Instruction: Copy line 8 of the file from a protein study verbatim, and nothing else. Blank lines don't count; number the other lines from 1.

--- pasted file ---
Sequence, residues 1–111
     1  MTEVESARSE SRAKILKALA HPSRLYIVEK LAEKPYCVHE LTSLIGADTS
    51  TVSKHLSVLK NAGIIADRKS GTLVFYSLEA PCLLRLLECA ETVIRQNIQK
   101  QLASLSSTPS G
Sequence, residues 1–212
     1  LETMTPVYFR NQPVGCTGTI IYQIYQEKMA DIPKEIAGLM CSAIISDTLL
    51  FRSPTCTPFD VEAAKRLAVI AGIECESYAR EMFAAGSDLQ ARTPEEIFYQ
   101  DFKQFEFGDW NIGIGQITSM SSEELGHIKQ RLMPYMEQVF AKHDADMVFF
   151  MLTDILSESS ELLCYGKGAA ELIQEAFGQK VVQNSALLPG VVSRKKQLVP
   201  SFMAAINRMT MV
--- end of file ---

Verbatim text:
   101  DFKQFEFGDW NIGIGQITSM SSEELGHIKQ RLMPYMEQVF AKHDADMVFF